Excellent point Chris! God’s ways are higher than our ways, and his thoughts are higher than our thoughts. (Isaiah 55:9) We cannot always know why we go through what we go through, but we can know that God has a purpose for all that he allows us to go through. Paul prayed several times for God to remove the thorn in his flesh, but Jesus answered him, my grace is sufficient. God will use the trials and struggles, the suffering and the pain to be a refining fire, purifying us and transforming us into the image of Christ. You must allow God to work in your life though, because if you fight what God is doing, it will eventually break you.

    Jen, I struggle with thoughts about women allot. I used to be addicted to pornography, partaking every day, and when I surrendered my life over to Christ just over a year ago, I cut that off. I no longer watched pornography and I went completely celibate. It was a struggle going from sexual immorality every day to a completely celibate life, and I struggle almost every single day, I see a pretty girl who is scantily clad and up pops a thought. I stuggle with sexual thoughts and memories from past experiences almost every day, but God’s grace is enough, and I take it one day at a time, one situation at a time. Jesus is working on me, and I know it. “being confident of this, that he who began a good work in you will carry it on to completion until the day of Christ Jesus.” (Philippians 1:6) You don’t have the power or the ability to transform your life Jen. I don’t know you, but I think maybe the reason you haven’t been able to overcome and change is because you are relying on your own power to change, instead of surrendering to Christ and allowing him to change you. Let God’s grace be enough, and he will transform you in His image! I hope this helps, and I pray that you will surrender to his will for your life and let Christ reign.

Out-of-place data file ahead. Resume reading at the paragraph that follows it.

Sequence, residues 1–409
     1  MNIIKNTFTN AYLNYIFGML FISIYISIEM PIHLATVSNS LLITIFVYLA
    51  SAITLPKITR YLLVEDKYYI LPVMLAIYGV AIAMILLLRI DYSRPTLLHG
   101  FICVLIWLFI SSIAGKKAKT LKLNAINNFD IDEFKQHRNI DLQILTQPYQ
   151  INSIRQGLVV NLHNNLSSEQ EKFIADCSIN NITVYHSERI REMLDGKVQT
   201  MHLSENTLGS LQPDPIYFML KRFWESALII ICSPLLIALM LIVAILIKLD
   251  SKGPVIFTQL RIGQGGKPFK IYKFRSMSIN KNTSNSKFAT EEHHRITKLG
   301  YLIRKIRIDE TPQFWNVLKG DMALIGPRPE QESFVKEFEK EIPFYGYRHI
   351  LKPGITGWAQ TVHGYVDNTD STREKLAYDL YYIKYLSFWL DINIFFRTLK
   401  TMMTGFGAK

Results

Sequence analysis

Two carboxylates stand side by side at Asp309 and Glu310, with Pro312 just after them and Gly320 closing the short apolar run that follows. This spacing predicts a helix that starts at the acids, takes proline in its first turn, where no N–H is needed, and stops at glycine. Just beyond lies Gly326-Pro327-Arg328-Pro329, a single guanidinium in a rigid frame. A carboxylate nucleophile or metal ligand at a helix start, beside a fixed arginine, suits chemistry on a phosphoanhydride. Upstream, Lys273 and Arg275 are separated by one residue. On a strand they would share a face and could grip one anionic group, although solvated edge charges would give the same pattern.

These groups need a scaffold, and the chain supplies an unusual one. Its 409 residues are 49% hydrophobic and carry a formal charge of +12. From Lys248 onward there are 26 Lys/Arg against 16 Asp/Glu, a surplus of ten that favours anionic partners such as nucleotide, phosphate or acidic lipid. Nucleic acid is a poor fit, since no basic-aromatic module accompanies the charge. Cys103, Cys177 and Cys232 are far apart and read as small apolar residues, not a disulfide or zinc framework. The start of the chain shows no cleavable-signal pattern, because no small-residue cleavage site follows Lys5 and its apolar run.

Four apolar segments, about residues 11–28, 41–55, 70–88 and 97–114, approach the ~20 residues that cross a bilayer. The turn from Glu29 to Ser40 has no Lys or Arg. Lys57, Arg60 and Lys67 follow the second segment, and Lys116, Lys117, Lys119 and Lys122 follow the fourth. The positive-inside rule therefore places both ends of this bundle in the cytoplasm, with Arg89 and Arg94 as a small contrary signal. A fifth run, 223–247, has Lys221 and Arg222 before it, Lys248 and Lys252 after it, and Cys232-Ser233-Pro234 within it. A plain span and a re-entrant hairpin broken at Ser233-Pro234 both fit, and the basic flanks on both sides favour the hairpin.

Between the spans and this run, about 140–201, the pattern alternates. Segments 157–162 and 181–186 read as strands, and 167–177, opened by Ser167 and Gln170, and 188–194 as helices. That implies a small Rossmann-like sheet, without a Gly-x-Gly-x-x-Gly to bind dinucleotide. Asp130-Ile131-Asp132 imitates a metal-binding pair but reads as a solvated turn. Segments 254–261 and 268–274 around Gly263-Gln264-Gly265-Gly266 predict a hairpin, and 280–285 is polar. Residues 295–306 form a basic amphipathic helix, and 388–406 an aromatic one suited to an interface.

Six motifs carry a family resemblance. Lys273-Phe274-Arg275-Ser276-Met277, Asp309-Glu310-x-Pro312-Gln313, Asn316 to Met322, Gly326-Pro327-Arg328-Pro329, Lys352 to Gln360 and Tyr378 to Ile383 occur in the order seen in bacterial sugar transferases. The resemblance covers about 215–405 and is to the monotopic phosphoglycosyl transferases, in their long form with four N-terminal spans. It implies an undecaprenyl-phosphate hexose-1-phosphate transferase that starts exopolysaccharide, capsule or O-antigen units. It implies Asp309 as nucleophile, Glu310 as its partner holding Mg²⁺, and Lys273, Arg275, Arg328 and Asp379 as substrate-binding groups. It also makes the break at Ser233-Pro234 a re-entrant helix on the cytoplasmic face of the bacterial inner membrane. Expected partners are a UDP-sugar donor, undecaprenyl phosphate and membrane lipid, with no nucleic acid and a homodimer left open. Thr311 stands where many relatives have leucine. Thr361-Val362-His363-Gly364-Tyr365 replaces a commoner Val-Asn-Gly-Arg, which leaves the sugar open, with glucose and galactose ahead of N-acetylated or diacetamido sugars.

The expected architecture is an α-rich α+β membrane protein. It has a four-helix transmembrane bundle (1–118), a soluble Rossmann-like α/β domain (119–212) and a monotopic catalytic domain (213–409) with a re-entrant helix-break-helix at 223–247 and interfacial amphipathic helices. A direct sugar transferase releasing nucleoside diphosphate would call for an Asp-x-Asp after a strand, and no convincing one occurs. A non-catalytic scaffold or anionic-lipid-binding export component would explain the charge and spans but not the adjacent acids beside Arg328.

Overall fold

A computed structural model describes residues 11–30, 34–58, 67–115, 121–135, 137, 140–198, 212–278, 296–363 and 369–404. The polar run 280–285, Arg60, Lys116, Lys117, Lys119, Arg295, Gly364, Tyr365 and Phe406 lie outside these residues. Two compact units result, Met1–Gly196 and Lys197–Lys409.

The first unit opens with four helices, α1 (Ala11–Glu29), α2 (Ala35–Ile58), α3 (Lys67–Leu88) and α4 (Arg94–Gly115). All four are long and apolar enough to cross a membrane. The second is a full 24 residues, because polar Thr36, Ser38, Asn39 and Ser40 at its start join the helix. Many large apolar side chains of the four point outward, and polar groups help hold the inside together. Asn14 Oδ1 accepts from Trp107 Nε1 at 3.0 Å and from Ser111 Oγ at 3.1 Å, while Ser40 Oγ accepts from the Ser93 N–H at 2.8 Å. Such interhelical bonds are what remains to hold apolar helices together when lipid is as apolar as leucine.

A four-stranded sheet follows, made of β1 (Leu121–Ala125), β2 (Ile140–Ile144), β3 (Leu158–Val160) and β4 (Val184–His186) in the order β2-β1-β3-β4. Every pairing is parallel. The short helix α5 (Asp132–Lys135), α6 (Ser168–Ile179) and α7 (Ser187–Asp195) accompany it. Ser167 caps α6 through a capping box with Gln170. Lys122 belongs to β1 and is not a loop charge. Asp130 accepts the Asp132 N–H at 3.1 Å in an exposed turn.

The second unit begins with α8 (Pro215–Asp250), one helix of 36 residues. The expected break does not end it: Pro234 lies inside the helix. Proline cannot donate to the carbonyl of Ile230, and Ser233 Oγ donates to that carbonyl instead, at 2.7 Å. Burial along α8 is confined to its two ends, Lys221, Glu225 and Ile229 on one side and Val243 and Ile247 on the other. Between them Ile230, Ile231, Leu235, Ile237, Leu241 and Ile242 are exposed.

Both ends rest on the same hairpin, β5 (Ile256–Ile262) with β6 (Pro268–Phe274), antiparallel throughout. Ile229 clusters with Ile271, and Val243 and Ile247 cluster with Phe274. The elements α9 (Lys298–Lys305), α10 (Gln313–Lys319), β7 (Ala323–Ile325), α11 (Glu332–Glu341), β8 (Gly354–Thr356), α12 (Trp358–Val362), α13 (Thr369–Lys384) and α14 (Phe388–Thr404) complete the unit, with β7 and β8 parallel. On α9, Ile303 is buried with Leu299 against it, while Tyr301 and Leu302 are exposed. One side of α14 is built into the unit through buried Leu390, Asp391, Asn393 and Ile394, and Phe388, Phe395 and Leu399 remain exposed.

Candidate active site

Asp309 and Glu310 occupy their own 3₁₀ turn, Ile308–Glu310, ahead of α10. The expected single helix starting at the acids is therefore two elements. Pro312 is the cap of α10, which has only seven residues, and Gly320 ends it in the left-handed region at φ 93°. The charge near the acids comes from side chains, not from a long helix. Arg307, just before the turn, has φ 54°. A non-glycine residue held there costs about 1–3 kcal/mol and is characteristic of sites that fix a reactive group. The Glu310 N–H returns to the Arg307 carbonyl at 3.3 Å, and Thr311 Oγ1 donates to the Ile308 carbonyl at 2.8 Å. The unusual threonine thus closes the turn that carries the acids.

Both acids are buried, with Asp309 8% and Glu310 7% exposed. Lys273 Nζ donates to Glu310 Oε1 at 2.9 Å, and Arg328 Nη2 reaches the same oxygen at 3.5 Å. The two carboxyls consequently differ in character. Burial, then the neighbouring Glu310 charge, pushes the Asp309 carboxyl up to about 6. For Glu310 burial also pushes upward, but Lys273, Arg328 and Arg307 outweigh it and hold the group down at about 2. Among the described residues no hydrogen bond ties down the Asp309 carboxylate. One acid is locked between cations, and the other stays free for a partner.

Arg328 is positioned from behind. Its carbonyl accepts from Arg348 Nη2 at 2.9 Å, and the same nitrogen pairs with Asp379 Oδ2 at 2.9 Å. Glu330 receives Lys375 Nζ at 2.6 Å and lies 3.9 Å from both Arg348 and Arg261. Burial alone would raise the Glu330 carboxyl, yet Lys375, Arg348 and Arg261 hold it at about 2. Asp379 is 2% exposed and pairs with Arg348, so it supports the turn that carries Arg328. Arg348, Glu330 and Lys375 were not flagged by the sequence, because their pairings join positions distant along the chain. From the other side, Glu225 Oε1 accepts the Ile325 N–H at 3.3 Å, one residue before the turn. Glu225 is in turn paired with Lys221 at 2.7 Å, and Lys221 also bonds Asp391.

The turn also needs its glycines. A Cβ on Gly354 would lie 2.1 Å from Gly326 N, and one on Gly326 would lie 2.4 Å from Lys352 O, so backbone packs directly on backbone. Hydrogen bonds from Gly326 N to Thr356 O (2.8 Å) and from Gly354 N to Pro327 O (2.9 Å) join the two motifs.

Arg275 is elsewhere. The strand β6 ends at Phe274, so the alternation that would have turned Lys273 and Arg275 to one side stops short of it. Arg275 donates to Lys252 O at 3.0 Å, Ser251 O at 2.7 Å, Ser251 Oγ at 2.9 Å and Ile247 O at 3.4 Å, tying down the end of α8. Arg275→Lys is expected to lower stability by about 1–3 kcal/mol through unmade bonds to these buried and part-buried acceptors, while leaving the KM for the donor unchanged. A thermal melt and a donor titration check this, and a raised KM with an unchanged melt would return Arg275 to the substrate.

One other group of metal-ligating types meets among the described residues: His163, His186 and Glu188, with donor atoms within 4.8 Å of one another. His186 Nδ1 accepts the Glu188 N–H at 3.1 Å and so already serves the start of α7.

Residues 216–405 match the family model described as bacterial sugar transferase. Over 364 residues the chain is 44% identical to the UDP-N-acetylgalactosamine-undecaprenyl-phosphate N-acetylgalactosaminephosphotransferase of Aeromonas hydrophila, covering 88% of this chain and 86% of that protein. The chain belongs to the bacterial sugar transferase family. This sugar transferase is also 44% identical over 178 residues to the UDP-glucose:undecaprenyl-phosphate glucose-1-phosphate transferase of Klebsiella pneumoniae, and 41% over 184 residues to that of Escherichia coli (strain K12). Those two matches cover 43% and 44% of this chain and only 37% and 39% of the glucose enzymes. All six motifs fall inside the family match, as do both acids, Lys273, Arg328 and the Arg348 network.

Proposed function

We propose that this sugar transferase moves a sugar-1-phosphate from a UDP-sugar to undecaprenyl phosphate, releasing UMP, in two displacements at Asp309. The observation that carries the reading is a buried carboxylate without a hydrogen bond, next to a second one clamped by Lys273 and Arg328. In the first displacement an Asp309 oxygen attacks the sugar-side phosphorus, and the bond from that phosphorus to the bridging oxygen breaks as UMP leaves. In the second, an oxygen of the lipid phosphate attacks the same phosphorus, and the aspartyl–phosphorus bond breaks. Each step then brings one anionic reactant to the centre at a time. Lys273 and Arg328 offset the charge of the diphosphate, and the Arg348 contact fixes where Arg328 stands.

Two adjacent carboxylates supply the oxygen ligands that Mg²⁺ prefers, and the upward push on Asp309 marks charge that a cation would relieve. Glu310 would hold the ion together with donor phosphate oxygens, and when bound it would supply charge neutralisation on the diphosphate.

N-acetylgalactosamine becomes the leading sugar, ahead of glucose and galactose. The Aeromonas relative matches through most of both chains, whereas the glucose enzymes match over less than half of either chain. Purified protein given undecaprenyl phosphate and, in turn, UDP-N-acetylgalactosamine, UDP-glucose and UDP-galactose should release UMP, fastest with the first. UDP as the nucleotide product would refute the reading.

God Bless,
    Derek J. Brent

  100. Paul Russell says:

    Excellent post! I’m going to share it with my friends and colleagues.

  101. tonga pakofe says:

    Hello to you all, it’s a great priviledge to join with you in this web by sharing our experiences and understandings on such kinds of issues like homosexuality, feminism, racism,etc. i am a tongan and happy to jump in with who i am as a xtian.